Malapascua Diving: Ultimate Guide for Scuba Divers (2024)

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Malapascua Island is well-known for its world-class diving opportunities, and it is home to some of the world’s most magnificent dive sites. This tropical paradise in the Philippines provides a one-of-a-kind underwater experience that is unparalleled.

As a seasoned diver, I can confidently state that Malapascua Island is one of the best dive spots in the Philippines. I have traveled to this remote island twice and each visit is just as memorable as the next.

On Malapascua Island, diving with thresher sharks is widely regarded as one of the most exhilarating types of diving. Only a select few locations around the globe allow scuba divers the opportunity to observe these wondrous animals up close and personal. If you go to Malapascua, there’s a high probability of seeing this shark with distinctively long tails.

While thresher sharks may be the biggest attraction in Malapascua, the island has so much more to offer.

Malapascua Island’s stunning coral reefs are teeming with vibrant fish, sea turtles, eels, and more. If you love finding tiny creatures, like nudibranchs, pygmy seahorses, crabs and shrimps, you will enjoy critter hunting in Malapascua. Dona Marilyn, which sank in 1988, is also a favorite among those who love wreck diving.

But that’s not all; Gato Island, located just off the coast of Malapascua Island, is also a must-see for divers. This island is home to a plethora of underwater caverns and tunnels, as well as a wide array of marine species, including white-tip reef sharks, sea snakes, and cephalopods.

In this post, I will share my experience with Malapascua diving. Continue reading if you wish to learn more about the best dive sites, the amazing marine life, and how to have a safe and pleasurable diving experience.

About Malapascua

Situated in the northern region of Cebu Province in the Philippines, Malapascua island is a must-visit destination for travelers seeking a serene and tranquil getaway. Located north of Cebu Island, within the municipality of Daanbantayan, this charming destination is nestled in the Visayas Sea.

This picturesque island spans 2.5 kilometers in length and 1 kilometer in width, offering ample opportunities for travelers to explore its natural beauty on foot.

According to local lore, during the 17th century, Spanish seafarers found themselves marooned on the island on Christmas Day because of a terrible storm. The island was deemed inhospitable by sailors who dubbed called it “Malas sa Pasko” which translates to “unfortunate Christmas.”. Thus, the name, Malapascua.

The island has a long fishing history, and many locals still rely on this trade for a living. The island’s economy has expanded to include tourism, with visitors’ favorite activities including diving, snorkeling, and island hopping.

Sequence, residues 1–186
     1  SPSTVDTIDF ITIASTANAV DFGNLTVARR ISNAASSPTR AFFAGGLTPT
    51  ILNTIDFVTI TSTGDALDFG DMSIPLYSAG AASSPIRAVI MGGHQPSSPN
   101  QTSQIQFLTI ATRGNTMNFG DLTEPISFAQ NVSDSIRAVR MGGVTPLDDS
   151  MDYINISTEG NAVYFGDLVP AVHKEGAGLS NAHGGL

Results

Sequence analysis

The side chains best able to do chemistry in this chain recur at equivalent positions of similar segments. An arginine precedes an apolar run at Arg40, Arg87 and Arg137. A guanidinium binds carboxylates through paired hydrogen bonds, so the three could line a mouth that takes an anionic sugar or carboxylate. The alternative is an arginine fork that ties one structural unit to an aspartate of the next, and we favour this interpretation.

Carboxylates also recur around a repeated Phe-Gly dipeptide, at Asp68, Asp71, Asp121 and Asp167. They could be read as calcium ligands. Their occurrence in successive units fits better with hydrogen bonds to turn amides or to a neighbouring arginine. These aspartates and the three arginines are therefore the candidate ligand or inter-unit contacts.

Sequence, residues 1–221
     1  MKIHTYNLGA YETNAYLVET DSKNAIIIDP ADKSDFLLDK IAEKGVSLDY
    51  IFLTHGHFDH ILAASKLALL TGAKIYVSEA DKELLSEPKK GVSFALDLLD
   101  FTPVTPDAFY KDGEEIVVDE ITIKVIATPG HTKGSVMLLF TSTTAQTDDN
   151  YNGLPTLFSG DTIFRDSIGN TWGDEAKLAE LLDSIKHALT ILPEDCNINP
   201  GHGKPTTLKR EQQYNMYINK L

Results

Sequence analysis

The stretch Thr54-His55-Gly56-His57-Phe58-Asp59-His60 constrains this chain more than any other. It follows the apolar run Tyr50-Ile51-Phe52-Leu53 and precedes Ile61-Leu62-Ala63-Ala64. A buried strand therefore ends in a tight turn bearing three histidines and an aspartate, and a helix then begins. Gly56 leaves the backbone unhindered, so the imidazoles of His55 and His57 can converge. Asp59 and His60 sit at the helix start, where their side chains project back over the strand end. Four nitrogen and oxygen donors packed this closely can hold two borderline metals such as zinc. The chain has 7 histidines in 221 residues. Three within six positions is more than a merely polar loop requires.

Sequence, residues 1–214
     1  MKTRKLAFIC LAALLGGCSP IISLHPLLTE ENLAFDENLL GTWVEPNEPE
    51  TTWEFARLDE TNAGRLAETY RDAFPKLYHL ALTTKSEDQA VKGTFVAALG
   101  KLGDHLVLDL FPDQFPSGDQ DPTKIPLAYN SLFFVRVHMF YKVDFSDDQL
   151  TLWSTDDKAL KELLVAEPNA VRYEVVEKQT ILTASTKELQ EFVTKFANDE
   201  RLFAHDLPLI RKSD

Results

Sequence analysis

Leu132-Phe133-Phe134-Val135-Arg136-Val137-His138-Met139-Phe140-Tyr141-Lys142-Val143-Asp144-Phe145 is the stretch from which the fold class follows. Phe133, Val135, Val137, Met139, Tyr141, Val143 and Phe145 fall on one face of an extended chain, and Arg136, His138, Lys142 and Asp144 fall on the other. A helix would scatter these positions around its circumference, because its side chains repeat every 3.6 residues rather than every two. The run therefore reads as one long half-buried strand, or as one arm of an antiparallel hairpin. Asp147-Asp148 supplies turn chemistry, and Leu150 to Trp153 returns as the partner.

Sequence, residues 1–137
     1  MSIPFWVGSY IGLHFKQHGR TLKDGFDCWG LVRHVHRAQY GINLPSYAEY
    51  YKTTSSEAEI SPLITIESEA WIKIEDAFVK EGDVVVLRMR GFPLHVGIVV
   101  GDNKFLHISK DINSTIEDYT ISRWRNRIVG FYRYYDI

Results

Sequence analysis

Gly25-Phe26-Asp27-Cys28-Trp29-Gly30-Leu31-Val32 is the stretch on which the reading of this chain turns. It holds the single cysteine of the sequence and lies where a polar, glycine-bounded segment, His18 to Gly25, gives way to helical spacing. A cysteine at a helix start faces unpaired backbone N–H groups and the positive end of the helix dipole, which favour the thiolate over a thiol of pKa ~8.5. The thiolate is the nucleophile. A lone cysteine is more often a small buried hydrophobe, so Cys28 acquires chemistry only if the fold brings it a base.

Despite the influx of tourists, Malapascua Island has managed to retain its natural beauty and tranquility, making it a popular destination for travelers from around the world.

Dive Sites and Marine Life in Malapascua

Here are some of the dive spots in Malapascua that I recommend you visit.

1. Monad Shoal

thresher shark in monad shoal
Thresher shark in Monad Shoal, Malapascua

When scuba diving in Malapascua Island, a trip to the Monad Shoal dive site is an absolute necessity. This underwater plateau is famous for its early morning dives, which provide divers with the opportunity to spot the elusive thresher sharks.

The dive at Monad Shoal at dawn is by far the most well-liked excursion that Malapascua has to offer its guests. Since thresher sharks are most frequently spotted at a depth of approximately 20 to 25 meters, this site is ideal for divers with intermediate to advanced skill levels.

The shoal drops off to 200 meters so technical divers can also to participate in deep 30 and 100 meter dives where they have a chance of coming across thresher sharks.

Manta rays have also been spotted on this dive site in Malapascua. Like thresher sharks, the mantas use the shoal as a cleaning station.

It is interesting to note that there was a sudden drop in the number of thresher sharks seen at Monad Shoal a few months ago. On the other hand, bull sharks and tiger sharks are spotted more frequently in this dive site. It is speculated that the presence of these larger sharks in Monad Shoal have caused a decline in thresher shark sightings in this dive site.

Thresher Shark Diving in Malapascua, Cebu: Ultimate Guide 2023

2. Kimud Shoal

Kimud Shoal is another exciting dive site in Malapascua that offers a similar experience to Monad Shoal. However, it is shallower and further away from Malapascua Island. The top of the island lies at 12-16 meters, and the steep sides drop off to over 160 meters, making it an excellent site for both beginner and advanced divers.